This verse raises some questions that need to be answered: 1) why does God love us—“the world”? and 2) why give His Son? The basic answer to number one is: It’s not because there’s anything lovely in us, but because of God’s infinite attribute: “God is love” (1 Jn:4:8). Question number two is answered partially within the verse itself. Believing in His Son is necessary to avoid perishing (i.e., being separated from God forever) and to gain everlasting life (i.e., being with Him forever).
But that leaves us with some other questions that are critical to a basic understanding of the gospel—the good news of why Jesus came: What’s the problem?! What was so serious that God had to send His Son to solve? Sin. The Bible tells us that “all have sinned” and “the wages of sin is death” (Rom:3:23; 6:23). Everyone is a sinner; we’re all reaping the destruction that sin produces; and, left on our own, every sinner is presently separated from God and will be forever. Mankind has a hopeless problem that he cannot solve. Only God can provide the solution. But why send His Son? Why not just forgive everyone and start fresh? It has to do with God’s attributes. One is love, as we’ve seen, and another is justice: God is “a God of truth...just and right is he” (Deut 32:4). God declared to the first man that the penalty for sin is death (Gen:2:17). The Creator of the universe set this penalty, and His perfect justice demands that this penalty—this infinite penalty—be paid.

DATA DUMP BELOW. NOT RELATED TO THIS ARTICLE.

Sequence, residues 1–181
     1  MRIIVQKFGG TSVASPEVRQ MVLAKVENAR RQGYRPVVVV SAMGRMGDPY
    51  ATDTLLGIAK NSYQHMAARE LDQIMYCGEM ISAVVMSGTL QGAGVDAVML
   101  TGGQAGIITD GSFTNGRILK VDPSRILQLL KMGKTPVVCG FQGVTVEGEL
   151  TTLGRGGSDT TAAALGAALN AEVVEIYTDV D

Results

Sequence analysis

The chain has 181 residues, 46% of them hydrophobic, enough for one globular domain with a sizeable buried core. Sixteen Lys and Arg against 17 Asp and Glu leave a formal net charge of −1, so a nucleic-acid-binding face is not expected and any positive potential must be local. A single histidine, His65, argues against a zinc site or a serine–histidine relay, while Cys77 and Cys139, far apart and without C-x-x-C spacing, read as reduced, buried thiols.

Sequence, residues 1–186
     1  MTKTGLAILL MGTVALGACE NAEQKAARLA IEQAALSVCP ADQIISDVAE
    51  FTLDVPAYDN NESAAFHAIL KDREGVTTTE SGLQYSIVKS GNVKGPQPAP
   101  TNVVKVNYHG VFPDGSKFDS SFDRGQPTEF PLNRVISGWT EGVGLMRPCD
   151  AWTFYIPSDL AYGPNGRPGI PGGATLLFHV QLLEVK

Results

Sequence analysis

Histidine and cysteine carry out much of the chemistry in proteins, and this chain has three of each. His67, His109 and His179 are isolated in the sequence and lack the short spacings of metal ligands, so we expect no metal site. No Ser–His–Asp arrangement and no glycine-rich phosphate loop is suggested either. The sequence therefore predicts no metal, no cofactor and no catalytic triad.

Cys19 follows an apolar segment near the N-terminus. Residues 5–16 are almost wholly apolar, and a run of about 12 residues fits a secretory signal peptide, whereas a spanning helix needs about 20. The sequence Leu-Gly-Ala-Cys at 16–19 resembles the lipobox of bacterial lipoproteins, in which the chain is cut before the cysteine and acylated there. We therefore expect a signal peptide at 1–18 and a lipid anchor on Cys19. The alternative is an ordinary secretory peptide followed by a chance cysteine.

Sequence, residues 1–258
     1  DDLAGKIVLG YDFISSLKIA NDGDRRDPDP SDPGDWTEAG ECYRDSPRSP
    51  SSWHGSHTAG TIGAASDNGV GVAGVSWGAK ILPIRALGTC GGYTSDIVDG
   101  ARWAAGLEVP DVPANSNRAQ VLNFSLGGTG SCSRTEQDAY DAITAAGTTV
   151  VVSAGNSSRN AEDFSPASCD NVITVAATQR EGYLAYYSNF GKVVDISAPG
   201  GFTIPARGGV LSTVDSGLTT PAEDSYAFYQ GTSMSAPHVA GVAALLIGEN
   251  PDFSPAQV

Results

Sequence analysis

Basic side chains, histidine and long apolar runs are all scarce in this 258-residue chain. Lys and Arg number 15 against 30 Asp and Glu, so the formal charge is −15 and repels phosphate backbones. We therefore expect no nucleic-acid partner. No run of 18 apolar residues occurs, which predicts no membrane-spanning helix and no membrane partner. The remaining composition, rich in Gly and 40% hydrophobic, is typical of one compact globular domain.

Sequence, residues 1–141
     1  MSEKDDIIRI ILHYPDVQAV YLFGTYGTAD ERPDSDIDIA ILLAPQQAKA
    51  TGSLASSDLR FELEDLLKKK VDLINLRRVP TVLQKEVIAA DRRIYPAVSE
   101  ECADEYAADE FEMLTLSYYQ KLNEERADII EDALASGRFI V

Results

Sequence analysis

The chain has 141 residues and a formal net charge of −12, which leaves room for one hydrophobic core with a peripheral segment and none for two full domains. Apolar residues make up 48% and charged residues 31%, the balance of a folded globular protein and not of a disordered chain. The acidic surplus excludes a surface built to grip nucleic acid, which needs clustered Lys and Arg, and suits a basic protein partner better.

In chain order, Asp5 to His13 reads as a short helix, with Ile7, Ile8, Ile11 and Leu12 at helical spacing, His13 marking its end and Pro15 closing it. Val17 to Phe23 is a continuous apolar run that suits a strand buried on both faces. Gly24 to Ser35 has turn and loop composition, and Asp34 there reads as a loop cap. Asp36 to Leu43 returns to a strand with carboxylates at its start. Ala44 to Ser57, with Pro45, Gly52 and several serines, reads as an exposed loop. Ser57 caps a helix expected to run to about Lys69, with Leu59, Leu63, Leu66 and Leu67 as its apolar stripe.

Since every man is a sinner and is therefore under eternal condemnation, there is nothing he can do about the penalty except to pay the eternal consequences. Divine justice must be satisfied. However, God is also love, and in His perfect love He provided the solution for the justly condemned. That’s the good news! God became a Man (“And the Word was made flesh, and dwelt among us”—Jn:1:14; “…the man Christ Jesus”—(1 Tim:2:5) in order to pay the penalty due all humanity. As the Scriptures clearly indicate, Jesus, who is very God and perfect Man, and who will never cease to be God and Man, needed both attributes to be our Savior. He had to become a Man to die physically, and He had to be God in order to pay the infinite penalty that God’s perfect justice required.